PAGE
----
For the fourth year in a row, the university is requesting flat salaries across the campus, except for faculty promotions and those whose pay must be increased by law.
The University of Arkansas at Fort Smith also plans to use reserves to cover a budget deficit.
The university is proposing to reduce expenses by $6.9 million, about 8.8% compared with what was approved for this school year. That's largely because of an expected 15% decline in enrollment, a jarring drop compared with a typical year for an Arkansas public university, where the biggest enrollment decrease last year was less than 9%.
That drop is based on surveys of high school students, college students and their parents, UAFS Chancellor Terisa Riley noted in an email to the Arkansas Democrat-Gazette.
"Other indicators include current student registration for fall semester which is trending at around 10% decline from this time last year, housing applications which is trending at a 10% decline for currently enrolled students, and financial aid applications which are down about 9%," the email reads.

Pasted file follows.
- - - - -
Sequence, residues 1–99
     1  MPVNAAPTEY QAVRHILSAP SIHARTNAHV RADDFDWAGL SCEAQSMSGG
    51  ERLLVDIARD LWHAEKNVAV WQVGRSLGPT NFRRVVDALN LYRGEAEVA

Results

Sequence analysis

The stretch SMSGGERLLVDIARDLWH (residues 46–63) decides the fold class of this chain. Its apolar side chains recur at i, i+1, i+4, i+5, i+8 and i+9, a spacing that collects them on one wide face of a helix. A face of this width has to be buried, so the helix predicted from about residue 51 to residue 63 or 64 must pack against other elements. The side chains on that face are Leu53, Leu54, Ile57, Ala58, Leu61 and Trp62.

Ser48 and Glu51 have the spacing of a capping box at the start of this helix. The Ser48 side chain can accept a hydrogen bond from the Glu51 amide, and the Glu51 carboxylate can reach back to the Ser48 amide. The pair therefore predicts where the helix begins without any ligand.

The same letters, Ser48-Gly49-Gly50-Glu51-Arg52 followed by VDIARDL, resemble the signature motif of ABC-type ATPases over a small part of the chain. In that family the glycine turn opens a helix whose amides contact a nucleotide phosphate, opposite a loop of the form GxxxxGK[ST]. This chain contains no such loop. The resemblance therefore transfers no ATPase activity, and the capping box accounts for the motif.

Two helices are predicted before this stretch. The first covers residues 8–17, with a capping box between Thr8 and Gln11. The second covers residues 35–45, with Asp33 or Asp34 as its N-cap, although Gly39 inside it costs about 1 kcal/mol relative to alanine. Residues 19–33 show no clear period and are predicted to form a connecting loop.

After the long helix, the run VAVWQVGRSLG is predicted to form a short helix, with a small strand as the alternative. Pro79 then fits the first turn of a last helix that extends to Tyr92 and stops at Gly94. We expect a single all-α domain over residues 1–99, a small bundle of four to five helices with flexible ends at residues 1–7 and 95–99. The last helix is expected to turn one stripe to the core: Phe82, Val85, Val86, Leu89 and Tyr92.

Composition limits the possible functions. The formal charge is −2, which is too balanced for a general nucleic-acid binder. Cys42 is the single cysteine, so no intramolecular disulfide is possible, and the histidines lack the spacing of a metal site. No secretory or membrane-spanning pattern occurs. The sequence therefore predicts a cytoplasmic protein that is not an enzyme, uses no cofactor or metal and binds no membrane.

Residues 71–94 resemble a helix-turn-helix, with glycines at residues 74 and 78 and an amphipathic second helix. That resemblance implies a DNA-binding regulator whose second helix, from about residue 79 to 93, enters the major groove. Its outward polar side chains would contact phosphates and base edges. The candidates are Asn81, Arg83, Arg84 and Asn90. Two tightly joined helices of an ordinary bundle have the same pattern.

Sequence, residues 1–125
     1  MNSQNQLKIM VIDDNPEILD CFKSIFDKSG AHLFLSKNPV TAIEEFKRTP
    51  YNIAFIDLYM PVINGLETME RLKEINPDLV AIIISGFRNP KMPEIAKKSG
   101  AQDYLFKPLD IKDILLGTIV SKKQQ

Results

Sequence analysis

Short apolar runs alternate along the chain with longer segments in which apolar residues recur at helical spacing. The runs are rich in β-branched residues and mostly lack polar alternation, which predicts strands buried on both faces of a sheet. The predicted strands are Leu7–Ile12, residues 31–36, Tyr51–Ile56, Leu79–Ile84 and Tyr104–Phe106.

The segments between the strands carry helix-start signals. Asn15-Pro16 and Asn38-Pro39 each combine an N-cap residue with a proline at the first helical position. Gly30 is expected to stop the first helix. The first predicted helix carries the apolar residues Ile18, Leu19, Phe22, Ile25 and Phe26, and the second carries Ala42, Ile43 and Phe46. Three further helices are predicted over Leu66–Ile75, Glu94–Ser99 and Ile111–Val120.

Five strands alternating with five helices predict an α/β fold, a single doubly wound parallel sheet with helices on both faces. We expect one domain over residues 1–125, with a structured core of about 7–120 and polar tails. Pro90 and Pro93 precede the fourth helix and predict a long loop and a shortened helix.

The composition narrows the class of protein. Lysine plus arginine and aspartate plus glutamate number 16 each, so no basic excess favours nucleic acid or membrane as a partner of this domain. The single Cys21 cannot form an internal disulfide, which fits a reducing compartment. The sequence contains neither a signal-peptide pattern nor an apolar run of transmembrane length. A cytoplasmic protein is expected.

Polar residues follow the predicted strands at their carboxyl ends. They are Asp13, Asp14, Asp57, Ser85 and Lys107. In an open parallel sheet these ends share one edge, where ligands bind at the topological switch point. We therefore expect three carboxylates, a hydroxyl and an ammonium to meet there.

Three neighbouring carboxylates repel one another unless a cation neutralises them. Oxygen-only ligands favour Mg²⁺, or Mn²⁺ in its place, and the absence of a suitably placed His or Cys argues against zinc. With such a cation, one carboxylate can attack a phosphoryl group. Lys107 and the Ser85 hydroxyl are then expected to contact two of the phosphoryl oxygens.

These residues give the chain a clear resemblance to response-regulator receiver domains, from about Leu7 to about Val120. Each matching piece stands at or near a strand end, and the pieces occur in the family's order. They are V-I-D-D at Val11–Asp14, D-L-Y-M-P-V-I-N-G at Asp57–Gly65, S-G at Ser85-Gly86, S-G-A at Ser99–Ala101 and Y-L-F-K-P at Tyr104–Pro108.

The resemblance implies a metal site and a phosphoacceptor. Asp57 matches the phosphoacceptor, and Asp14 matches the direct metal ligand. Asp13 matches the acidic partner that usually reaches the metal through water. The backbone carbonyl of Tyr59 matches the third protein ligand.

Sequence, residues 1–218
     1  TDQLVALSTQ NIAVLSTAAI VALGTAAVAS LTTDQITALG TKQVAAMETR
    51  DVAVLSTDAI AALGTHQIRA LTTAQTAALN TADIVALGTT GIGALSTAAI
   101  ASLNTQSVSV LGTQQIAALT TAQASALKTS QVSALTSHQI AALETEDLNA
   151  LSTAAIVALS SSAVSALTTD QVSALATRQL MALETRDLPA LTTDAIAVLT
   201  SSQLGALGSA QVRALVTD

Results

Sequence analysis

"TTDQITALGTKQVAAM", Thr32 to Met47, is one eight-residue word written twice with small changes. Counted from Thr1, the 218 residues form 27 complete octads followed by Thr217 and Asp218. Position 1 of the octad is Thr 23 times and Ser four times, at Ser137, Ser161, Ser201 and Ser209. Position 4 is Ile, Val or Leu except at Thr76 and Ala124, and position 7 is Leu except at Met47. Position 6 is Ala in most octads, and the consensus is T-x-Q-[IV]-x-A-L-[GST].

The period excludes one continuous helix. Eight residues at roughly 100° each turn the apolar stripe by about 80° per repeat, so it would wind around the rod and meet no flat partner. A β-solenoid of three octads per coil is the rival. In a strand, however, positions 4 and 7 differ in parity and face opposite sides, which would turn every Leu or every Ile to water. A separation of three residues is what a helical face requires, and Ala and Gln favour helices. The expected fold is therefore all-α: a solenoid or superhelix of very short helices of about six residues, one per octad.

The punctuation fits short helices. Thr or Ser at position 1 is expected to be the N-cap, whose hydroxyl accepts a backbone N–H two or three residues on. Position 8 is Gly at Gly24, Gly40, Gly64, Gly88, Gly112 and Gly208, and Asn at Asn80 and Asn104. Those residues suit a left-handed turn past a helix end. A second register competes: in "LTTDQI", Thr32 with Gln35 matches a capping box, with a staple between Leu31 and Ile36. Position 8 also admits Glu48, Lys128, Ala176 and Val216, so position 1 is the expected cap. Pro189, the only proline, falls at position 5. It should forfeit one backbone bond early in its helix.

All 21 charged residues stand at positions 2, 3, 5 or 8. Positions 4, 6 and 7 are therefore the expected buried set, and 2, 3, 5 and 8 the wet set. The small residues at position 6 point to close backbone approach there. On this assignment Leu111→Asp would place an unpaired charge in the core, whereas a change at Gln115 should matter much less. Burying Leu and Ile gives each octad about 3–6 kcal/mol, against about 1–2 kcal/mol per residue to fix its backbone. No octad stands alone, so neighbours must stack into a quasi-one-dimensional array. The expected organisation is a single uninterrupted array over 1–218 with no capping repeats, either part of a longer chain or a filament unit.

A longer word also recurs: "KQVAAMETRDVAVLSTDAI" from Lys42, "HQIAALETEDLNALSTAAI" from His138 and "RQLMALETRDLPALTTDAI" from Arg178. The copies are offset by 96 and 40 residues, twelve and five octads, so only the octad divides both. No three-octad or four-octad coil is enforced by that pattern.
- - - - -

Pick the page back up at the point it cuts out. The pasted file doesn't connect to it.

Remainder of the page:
As a result, the university will cut institutional scholarship and fellowship expenses by about $1.5 million, compensation by about $3 million and supplies and services by about $2.3 million. A salary freeze will continue.
"UAFS is planning to honor all of its institutional scholarship awards to continuing students," spokeswoman Rachel Putman said in an email.
Still, with projected losses, the university expects to come up $6.5 million short, which it intends to cover using education and general reserve fund. That fund currently stands at $9.8 million.
Several university subcommittees will evaluate internal "cost reduction and revenue enhancement ideas" and present their findings to the "University Budget Council, a group of administrators, faculty, staff, and students that advises the Chancellor on University budget issues," according to the email.
"There are currently no plans to lay off or furlough employees. If it were to become necessary to consider such action, it would be well vetted through the structure and broadly representative groups described above."
A Section on 05/20/2020